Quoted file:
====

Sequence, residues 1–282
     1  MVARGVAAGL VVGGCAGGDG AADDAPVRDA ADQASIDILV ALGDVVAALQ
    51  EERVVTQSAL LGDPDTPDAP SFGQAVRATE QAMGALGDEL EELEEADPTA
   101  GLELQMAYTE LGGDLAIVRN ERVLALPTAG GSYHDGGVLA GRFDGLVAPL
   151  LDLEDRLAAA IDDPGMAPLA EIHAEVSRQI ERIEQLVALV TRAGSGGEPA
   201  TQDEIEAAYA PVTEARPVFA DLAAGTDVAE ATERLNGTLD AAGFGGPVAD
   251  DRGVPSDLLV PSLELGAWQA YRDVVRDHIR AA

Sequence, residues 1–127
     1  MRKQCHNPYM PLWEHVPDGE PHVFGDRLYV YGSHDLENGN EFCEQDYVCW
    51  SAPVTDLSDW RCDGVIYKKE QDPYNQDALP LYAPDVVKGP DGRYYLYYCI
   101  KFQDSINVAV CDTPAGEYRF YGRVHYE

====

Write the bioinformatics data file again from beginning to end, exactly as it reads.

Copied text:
Sequence, residues 1–282
     1  MVARGVAAGL VVGGCAGGDG AADDAPVRDA ADQASIDILV ALGDVVAALQ
    51  EERVVTQSAL LGDPDTPDAP SFGQAVRATE QAMGALGDEL EELEEADPTA
   101  GLELQMAYTE LGGDLAIVRN ERVLALPTAG GSYHDGGVLA GRFDGLVAPL
   151  LDLEDRLAAA IDDPGMAPLA EIHAEVSRQI ERIEQLVALV TRAGSGGEPA
   201  TQDEIEAAYA PVTEARPVFA DLAAGTDVAE ATERLNGTLD AAGFGGPVAD
   251  DRGVPSDLLV PSLELGAWQA YRDVVRDHIR AA

Sequence, residues 1–127
     1  MRKQCHNPYM PLWEHVPDGE PHVFGDRLYV YGSHDLENGN EFCEQDYVCW
    51  SAPVTDLSDW RCDGVIYKKE QDPYNQDALP LYAPDVVKGP DGRYYLYYCI
   101  KFQDSINVAV CDTPAGEYRF YGRVHYE